In 2011, former Texas governor Rick Perry counted the Department of Energy among the government agencies he would eliminate as president—until he famously couldn’t remember the department’s name during a Republican debate.
Naturally, the very same Rick Perry was tapped by the Trump administration to run the Energy Department. And according to the New York Times, Perry accepted the job thinking that it had quite a bit to do with oil and gas drilling. While that would have been especially convenient to his corporate backers, Perry has by now discovered that most of the Department of Energy’s work concerns nuclear weapons and government scientific research facilities.
But the department does oversee one component of the energy business: The overseas shipping of liquefied natural gas (LNG). The Energy Department’s Fossil Energy office facilitates LNG export deals, and it has in-house research departments that work on making recommendations about oil and gas exports.
And it just so happens that exporting gas is pretty important to corporations that, until a few weeks ago, were very important to Rick Perry. At the end of 2016, Perry stepped down from the boards of Energy Transfer Partners and Sunoco Logistics.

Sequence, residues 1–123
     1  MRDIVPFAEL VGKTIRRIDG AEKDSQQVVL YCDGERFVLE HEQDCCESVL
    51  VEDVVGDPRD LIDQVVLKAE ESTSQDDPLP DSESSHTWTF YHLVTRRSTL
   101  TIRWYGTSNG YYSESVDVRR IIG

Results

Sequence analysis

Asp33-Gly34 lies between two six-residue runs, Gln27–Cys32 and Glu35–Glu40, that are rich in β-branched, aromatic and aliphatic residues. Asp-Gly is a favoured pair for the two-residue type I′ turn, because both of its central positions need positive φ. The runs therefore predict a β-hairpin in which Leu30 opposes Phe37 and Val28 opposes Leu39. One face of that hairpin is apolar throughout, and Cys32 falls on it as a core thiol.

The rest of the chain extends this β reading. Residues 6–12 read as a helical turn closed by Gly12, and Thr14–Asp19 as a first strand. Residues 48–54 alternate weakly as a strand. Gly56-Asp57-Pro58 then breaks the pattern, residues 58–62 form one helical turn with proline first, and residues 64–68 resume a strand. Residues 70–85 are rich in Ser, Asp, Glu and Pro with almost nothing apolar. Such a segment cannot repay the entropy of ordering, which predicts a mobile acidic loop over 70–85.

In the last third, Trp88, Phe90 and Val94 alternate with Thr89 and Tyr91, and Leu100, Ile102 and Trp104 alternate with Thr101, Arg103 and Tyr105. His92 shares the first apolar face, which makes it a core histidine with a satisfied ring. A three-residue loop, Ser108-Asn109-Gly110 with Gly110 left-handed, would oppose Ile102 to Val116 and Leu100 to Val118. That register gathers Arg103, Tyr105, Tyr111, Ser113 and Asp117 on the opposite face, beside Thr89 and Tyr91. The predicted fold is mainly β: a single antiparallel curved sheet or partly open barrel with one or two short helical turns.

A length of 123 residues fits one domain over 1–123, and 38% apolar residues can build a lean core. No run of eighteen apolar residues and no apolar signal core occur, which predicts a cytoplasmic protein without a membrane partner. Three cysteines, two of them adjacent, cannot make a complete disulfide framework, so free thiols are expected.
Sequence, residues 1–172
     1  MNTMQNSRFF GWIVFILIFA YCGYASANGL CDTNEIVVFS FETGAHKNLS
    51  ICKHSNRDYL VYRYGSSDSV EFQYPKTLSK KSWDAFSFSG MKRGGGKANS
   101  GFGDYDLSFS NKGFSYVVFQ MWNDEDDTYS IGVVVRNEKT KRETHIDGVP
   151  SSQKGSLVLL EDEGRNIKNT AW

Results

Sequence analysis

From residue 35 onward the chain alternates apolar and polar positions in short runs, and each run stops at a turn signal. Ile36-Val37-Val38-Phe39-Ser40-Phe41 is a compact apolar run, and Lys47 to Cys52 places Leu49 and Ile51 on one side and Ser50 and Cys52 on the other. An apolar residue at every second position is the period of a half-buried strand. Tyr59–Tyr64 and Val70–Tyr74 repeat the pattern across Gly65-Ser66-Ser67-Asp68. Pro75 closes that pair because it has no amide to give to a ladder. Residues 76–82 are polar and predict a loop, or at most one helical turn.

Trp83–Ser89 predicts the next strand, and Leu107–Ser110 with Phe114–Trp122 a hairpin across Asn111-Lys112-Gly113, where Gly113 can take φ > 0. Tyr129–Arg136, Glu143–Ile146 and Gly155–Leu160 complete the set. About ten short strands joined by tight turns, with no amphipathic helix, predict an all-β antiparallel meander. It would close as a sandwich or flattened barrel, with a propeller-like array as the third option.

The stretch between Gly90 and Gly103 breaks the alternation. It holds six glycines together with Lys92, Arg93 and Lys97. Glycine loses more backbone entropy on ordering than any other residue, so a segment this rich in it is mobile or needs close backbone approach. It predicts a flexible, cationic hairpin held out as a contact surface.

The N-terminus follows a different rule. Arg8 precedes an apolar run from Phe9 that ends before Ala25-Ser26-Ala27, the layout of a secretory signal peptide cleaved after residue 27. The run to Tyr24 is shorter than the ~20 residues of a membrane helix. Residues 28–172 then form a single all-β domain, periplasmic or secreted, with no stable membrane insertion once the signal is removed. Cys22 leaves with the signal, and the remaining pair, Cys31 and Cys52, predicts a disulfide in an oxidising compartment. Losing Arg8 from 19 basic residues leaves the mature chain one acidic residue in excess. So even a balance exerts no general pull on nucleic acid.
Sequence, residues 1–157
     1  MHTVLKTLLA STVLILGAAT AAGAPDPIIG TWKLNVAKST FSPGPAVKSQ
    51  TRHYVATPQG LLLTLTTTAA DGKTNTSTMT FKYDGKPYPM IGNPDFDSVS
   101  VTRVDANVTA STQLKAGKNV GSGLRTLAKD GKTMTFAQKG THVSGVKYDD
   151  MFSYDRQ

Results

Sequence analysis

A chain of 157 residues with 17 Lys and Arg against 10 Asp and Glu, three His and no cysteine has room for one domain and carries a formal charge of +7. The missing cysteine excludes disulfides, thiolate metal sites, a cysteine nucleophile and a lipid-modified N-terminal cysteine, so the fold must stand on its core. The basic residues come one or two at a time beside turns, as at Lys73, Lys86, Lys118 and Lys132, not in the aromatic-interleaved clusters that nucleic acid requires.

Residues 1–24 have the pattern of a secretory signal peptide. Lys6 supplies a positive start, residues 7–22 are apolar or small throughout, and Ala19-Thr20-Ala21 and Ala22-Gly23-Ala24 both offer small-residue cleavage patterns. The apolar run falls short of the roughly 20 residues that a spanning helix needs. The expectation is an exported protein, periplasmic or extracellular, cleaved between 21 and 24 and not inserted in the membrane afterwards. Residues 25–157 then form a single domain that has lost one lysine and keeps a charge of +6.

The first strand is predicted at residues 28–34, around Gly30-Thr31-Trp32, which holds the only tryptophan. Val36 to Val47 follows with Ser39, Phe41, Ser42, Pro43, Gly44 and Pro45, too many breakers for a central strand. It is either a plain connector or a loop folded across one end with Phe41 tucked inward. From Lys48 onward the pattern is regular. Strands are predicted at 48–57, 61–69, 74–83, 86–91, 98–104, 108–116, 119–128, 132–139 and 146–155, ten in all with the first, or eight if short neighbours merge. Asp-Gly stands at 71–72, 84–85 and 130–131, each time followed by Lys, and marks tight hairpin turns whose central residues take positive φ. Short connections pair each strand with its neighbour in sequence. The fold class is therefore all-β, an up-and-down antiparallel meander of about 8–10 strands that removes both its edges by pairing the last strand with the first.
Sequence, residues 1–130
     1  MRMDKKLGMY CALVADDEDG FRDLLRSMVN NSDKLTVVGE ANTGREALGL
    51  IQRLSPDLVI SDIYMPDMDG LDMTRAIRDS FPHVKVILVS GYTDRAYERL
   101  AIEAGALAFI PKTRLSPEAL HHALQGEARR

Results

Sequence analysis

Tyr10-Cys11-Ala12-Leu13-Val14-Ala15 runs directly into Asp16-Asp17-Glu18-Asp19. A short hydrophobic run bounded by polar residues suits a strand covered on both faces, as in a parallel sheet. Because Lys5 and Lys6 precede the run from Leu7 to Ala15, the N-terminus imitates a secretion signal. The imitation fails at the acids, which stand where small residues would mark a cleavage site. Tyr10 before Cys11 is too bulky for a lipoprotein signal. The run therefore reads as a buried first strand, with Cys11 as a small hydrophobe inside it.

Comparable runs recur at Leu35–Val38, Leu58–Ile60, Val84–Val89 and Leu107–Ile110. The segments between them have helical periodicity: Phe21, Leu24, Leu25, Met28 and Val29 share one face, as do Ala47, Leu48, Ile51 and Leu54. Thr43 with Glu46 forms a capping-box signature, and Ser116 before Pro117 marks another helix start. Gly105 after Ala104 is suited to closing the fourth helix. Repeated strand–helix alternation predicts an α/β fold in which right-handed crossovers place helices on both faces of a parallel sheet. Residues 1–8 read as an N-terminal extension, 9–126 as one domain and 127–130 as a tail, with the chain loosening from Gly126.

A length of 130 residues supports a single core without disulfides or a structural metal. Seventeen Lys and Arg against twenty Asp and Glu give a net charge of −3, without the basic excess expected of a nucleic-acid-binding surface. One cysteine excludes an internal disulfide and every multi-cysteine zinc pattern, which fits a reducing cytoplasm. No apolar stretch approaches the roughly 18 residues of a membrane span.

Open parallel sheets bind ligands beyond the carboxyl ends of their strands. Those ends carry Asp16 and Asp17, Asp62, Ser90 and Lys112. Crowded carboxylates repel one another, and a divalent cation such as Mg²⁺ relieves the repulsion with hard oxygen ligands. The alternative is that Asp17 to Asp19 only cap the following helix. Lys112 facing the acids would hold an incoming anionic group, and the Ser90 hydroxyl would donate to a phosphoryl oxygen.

Thanks to mobilization at Standing Rock, many people are aware of Energy Transfer Partners because of its link to the Dakota Access pipeline. One of Sunoco’s most controversial projects is the Mariner East 1 pipeline, which runs across Pennsylvania, Delaware, Ohio and West Virginia carrying natural gas liquids to the Marcus Hook facility in southeastern Pennsylvania. The company is in the process of adding a second line, Mariner East 2, which would substantially increase the capacity to ship fracked gas liquids like propane and ethane. Ethane is eventually used in the manufacture of plastics, which is linked to air pollution.
And where does all this gas go? Europe. In March of last year, a massive “dragon ship” left Marcus Hook loaded with ethane derived from shale gas drilling, headed to facilities in Scotland and Norway. The project is the brainchild of a company called INEOS, which has made a substantial investment in what industry observers call a ‘virtual pipeline’ across the Atlantic Ocean. According to INEOS founder Jim Ratcliffe, “Shale gas economics has revitalized US manufacturing” and “it has the potential to do the same for European manufacturing.”
In reality, fracking’s legacy has nothing to do with revitalization. It has devastated local communities, polluted air and water, and has deepened our dependence on fossil fuels—and thus adding more fuel to the planet’s climate crisis. There is an activist movement against fracking building in European countries.
Rick Perry has a new appreciation for the Department of Energy. As he said at his January 19 confirmation hearing, “After being briefed on so many of the vital functions of the Department of Energy, I regret recommending its elimination."
The real danger might not be that Rick Perry doesn’t know what to do at the Department of Energy. He may, in fact, have a very clear agenda—one that enriches his friends in the oil and gas business and imperils the rest of us.